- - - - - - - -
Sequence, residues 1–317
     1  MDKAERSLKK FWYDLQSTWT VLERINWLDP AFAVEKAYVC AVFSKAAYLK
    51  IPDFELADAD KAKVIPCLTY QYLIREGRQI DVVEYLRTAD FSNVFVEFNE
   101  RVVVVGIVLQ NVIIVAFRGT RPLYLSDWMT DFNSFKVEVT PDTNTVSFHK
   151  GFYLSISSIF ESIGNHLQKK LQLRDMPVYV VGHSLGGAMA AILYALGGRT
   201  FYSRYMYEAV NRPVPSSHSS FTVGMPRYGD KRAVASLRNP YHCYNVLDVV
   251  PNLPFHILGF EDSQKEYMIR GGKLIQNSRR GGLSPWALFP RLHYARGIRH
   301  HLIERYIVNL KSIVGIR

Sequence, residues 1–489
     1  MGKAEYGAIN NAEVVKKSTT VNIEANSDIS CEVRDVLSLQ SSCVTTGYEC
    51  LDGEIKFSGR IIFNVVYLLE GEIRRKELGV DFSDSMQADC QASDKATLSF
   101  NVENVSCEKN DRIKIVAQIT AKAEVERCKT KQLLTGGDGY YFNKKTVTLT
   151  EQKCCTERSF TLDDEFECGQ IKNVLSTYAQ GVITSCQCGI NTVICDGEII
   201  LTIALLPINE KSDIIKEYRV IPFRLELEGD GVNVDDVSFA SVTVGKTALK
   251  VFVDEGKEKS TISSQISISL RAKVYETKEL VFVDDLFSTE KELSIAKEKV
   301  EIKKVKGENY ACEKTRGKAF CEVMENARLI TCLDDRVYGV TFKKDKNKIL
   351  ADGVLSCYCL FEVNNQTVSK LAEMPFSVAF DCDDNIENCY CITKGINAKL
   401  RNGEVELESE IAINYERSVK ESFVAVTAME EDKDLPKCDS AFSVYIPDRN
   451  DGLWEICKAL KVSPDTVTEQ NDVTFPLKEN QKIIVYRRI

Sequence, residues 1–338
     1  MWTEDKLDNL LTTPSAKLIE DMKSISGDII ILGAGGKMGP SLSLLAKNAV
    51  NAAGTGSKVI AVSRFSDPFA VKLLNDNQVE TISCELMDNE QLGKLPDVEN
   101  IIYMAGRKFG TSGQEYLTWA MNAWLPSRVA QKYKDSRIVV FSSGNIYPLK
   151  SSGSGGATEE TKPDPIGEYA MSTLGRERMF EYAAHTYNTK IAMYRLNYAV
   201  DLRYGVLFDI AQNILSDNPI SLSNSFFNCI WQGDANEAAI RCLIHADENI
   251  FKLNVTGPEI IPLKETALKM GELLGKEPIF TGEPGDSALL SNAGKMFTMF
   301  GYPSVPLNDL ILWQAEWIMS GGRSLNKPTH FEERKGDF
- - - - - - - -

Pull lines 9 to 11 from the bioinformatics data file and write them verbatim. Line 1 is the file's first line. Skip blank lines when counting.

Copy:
Sequence, residues 1–489
     1  MGKAEYGAIN NAEVVKKSTT VNIEANSDIS CEVRDVLSLQ SSCVTTGYEC
    51  LDGEIKFSGR IIFNVVYLLE GEIRRKELGV DFSDSMQADC QASDKATLSF